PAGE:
MANASSAS, Va. — A Virginia judge has ordered the defendant in a capital murder case to be released unconditionally from custody as of Thursday at 5 p.m. unless a federal appeals court intervenes.
Justin Wolfe has been charged twice with capital murder in the 2001 slaying of a Northern Virginia drug dealer. And twice a federal judge has ordered the charges tossed out for alleged misconduct by Prince William County prosecutors.
The most recent order came from Judge Raymond Jackson in Norfolk on Christmas Eve and requires Mr. Wolfe's release by Jan. 3.
At a hearing Wednesday in Manassas, Circuit Judge Mary Grace O'Brien said she will abide by that ruling and release Mr. Wolfe on Thursday unless an appellate court intervenes.
Virginia's attorney general's office is asking the federal appeals court in Richmond to halt Mr. Wolfe's release.
Judge Jackson, in his Christmas Eve ruling, said the prosecution of Mr. Wolfe is irrevocably tainted by prosecutors' misconduct. Specifically, he says prosecutors coerced false testimony from their star witness, Owen Barber, and withheld from the defense evidence that would have undermined Barber's credibility.
Judge Jackson also said prosecutors compounded the error by making a jailhouse visit to Barber in September and making thinly veiled threats against him if he wavered from his initial testimony implicating Mr. Wolfe.
Barber testified at Mr. Wolfe's original trial in 2002 that Mr. Wolfe had hired him to shoot and kill Daniel Petrole to get out of a debt Mr. Wolfe owed Petrole. Barber's testimony came as part of a plea bargain that spared him the death penalty. Mr. Wolfe was convicted and sent to death row.
In recent years, though, Barber has flip-flopped on his testimony several times. His most recent testimony, in Judge Jackson's Norfolk courtroom, was that he had falsely implicated Mr. Wolfe because prosecutors had told him that was the only way he could get a plea deal.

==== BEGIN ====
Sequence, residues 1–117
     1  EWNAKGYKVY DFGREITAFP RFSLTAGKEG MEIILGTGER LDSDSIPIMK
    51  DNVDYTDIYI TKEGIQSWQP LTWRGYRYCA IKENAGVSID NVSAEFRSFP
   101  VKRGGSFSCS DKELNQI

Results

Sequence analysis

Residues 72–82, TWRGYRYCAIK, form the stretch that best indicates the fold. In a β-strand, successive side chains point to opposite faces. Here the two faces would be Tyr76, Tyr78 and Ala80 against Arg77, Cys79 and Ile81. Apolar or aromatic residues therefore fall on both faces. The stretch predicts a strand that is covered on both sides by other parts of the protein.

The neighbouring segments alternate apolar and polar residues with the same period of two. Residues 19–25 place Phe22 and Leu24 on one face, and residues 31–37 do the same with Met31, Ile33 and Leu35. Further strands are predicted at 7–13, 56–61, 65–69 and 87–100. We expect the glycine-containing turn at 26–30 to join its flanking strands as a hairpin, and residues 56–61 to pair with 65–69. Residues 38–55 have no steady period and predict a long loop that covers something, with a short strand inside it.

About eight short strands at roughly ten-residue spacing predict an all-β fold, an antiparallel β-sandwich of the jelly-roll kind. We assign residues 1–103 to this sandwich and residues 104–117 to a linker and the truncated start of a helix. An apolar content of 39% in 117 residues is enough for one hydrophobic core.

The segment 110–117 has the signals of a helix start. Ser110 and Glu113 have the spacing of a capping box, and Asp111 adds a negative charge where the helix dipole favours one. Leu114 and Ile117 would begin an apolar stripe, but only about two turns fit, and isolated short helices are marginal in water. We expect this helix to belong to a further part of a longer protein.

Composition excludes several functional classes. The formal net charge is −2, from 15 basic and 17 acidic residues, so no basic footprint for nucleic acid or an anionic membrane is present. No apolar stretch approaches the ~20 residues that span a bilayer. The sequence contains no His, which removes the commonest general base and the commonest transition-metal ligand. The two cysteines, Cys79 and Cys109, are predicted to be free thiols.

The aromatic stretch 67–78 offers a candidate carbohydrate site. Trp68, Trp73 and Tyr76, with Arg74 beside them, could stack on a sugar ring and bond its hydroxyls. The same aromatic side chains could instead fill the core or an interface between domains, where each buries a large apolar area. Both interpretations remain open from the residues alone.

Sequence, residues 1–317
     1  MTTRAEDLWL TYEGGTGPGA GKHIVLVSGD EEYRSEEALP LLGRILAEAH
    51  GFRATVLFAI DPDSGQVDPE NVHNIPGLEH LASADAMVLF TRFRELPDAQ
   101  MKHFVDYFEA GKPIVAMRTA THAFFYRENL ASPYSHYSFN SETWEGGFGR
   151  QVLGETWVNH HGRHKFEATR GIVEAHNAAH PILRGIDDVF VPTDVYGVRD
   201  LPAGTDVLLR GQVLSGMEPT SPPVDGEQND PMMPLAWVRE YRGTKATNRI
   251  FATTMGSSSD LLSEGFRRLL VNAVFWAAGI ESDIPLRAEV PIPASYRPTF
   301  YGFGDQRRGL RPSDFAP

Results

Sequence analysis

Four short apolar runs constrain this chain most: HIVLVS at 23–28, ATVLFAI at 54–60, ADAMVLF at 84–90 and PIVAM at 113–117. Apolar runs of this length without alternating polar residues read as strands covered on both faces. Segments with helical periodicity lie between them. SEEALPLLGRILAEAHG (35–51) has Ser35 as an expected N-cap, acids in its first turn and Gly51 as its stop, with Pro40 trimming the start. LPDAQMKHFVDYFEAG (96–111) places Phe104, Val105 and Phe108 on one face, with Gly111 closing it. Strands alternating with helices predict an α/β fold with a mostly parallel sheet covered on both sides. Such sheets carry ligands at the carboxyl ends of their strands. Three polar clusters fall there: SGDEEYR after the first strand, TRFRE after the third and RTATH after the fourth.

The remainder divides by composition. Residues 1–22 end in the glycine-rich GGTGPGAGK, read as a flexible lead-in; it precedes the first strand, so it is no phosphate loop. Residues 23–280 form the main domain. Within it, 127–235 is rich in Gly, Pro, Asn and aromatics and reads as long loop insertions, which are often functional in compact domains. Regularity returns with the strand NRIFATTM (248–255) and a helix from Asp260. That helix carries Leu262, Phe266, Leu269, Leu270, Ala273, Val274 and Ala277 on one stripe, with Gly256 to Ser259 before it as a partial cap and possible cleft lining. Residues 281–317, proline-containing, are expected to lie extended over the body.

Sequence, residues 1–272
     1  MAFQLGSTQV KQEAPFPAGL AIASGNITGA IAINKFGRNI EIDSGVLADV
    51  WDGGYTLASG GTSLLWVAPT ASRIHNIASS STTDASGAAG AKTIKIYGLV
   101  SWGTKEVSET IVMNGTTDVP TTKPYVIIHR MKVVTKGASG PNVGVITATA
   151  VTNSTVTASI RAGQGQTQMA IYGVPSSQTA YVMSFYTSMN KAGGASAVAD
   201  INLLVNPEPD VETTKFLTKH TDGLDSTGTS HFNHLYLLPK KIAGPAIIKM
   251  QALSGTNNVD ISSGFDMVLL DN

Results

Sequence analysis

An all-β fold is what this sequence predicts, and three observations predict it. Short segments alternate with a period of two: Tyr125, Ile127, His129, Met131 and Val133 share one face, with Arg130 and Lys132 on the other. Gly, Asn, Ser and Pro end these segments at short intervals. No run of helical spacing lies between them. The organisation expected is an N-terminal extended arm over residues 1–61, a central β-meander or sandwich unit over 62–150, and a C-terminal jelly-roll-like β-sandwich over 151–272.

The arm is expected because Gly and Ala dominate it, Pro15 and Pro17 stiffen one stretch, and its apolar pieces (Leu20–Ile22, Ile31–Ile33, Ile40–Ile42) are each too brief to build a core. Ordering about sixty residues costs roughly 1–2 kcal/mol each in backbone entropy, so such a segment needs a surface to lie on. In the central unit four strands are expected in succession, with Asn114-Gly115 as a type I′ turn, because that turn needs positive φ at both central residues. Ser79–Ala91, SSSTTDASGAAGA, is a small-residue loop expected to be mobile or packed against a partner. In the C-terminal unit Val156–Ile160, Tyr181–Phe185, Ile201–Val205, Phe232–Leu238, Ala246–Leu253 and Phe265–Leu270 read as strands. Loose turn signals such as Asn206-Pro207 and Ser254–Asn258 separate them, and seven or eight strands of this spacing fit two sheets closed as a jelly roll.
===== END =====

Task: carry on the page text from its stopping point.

Special prosecutor Raymond F. Morrogh, who took over the case after Prince William County Commonwealth's Attorney Paul B. Ebert recused himself in September, said Wednesday that he has no doubt Barber's initial testimony implicating Mr. Wolfe was the truth. Mr. Morrogh said Barber was badgered for years by Wolfe's appellate lawyers and opponents of the death penalty to change his story. Mr. Morrogh also said he has hard evidence showing that aspects of Barber's testimony to the federal judge was a lie, including cellphone records that contradict Barber's testimony about the locations of key players in the slaying.
"As someone who's read every scrap of evidence in this case they've got the facts wrong over there" in Norfolk, Mr. Morrogh said Wednesday. "I'm sorry to say it, but they're wrong."
Mr. Wolfe's attorney, Kimberly Irving, countered that it doesn't matter if Mr. Morrogh disagrees with Judge Jackson — the judge's ruling ordering Mr. Wolfe's release and dismissal of the charges against him is still valid and binding.
Another attorney for Mr. Wolfe, Edward MacMahon, said that after a decade of legal wrangling, the state should drop its case and accept the fact that Mr. Wolfe is innocent.
"This isn't a gift to him or some technicality," Mr. MacMahon said.
If Mr. Wolfe is released Thursday afternoon, it isn't clear what happens next. Mr. Wolfe's lawyers said the order will not only release Mr. Wolfe from custody but also result in all charges being dismissed. Under the defense theory, prosecutors also would be barred from filing any new charges.
Mr. Morrogh, though, said he expected Judge O'Brien's order to encompass only whether Mr. Wolfe should remain in custody. He argued at Wednesday's hearing that certain charges still could be brought against Mr. Wolfe even if Judge Jackson's order remains in effect.
Mr. Wolfe's mother, Terri Steinberg, was hopeful after Wednesday's hearing.
"I don't know if it's real yet," she said through tears. "We've got to wait until tomorrow at 5 p.m."